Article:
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Tongan Government Hits Back At Ifj Protest

Tongan Government Hits Back At Ifj Protest

Tongan government statement:

  • IFJ statement:

  • NUKU'ALOFA (Tonga Information Unit/Pacific Media Watch): The Tongan Government has condemned a protest by the International Federation of Journalists over the state of press freedom in the kingdom, including the recent "shutdown" of newspapers over licences.

    It said in a statement that distribution of the papers was "momentarily delayed".

    The statement accused the IFJ, the world's largest body of journalists, and Pacific Media Watch, which was among groups publicising the February 6 protest, of "misinformation".

    "The Tongan Government wishes to reaffirm that print media in Tonga was not shutdown," the statement said.

    "Distribution of newspapers was momentarily delayed because licence applications were incomplete. Licence applications were not satisfactorily completed until 2 February 2004.

    "The responsibility for completing the application forms lay with the applicants. Two days after completion of the application forms newspaper licenses were granted 4 February 2004 and issued 6 February 2004.

    "The Media Operators Act 2003 and Newspaper Act 2003 were passed by Parliament on 20 October, 2003 and gazetted on 27 November, 2003. Newspaper Regulations were passed and gazetted on 16 December 2003."

    The statement also said a comment in the protest that penalties for an unlicensed publisher included a $10,000 fine and up to one year imprisonment was "incomplete and therefore misleading".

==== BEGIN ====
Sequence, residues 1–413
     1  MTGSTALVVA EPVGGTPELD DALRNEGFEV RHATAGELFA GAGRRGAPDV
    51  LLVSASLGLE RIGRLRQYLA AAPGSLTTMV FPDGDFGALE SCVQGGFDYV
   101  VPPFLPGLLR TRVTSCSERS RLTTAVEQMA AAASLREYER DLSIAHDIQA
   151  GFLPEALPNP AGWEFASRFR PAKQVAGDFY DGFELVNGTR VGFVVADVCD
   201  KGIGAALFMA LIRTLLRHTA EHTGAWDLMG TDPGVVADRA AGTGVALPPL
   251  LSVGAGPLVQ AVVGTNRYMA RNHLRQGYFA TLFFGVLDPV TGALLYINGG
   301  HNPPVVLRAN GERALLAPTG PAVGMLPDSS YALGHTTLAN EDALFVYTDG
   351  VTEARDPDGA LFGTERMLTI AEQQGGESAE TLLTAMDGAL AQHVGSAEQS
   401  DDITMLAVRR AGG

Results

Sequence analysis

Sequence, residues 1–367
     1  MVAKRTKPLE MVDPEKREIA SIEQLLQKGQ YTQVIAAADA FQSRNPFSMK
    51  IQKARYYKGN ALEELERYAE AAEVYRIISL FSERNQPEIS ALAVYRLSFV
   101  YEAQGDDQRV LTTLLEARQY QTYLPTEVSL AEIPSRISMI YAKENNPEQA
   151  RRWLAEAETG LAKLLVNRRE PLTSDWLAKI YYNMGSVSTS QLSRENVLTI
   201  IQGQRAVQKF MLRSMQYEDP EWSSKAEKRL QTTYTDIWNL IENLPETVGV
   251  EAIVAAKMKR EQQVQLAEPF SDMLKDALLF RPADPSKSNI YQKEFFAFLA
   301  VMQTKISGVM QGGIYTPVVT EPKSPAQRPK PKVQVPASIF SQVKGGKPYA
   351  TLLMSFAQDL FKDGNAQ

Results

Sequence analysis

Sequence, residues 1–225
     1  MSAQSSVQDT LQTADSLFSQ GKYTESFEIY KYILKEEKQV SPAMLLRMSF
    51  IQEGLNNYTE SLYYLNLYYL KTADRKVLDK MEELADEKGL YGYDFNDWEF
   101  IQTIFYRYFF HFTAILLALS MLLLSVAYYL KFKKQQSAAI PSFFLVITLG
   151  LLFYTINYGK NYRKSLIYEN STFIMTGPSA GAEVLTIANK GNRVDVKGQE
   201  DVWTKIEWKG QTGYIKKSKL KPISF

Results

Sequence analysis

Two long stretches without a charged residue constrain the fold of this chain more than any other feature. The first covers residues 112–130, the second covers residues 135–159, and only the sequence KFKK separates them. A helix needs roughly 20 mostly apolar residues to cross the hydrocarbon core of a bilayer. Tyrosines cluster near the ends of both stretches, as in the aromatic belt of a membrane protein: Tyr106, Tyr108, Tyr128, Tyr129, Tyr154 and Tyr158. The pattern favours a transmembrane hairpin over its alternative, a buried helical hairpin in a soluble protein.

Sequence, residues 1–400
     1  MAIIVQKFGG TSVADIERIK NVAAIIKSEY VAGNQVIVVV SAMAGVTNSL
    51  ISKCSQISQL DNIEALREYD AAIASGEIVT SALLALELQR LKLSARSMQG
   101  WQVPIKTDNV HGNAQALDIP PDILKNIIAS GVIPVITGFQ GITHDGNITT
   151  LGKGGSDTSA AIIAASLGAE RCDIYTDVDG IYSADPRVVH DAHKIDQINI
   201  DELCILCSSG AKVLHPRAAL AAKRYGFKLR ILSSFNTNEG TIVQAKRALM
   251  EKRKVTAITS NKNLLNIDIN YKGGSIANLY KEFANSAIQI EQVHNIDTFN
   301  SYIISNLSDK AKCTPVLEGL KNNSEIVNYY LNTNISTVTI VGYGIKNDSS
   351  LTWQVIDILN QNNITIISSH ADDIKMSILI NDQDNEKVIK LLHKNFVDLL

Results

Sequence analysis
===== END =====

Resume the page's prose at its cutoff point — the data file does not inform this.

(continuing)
"It fails to account for the other criteria that would incur the penalties which include the sale and distribution of any newspaper which is unlawful under the provisions of the Act."

    "One would hope that the IFJ, as a beacon for journalists worldwide, would take the time to verify its facts," the statement said.

    The IFJ statement had accused the Tongan government of having introduced the Media Act to gain greater control over the kingdom's media.

    "The licensing of publishers and distributors of newspapers is being successfully used as a tool to curb the freedom of the press in Tonga," said IFJ president Christopher Warren in a letter to the government.

    "It is vital for democracy that the media is allowed to work freely and independently without attempts at Government intervention and control."

    The IFJ also protested against the series of the bans on the independent Taimi 'o Tonga newspaper leading up to the recent legislation.



    PACIFIC MEDIA WATCH is an independent, non-profit, non-government organisation comprising journalists, lawyers, editors and other media workers, dedicated to examining issues of ethics, accountability, censorship, media freedom and media ownership in the Pacific region. Launched in October 1996, it has links with the Journalism Program at the University of the South Pacific, Bushfire Media based in Sydney, Journalism Studies at the University of PNG (UPNG), the Australian Centre for Independent Journalism (ACIJ), Auckland University of Technology in New Zealand, and Community Communications Online (c2o).

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